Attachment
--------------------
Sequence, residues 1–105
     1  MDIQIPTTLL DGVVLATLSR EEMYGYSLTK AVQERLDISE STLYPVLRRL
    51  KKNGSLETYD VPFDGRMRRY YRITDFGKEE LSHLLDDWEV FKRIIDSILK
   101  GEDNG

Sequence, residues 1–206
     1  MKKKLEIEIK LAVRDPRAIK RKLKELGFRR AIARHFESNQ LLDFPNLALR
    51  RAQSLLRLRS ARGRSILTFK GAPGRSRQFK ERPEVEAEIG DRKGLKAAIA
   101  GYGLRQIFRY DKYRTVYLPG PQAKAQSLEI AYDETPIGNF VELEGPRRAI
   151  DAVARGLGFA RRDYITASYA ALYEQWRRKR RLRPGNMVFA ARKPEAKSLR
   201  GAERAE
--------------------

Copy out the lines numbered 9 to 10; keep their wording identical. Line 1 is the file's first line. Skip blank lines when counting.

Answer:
   151  DAVARGLGFA RRDYITASYA ALYEQWRRKR RLRPGNMVFA ARKPEAKSLR
   201  GAERAE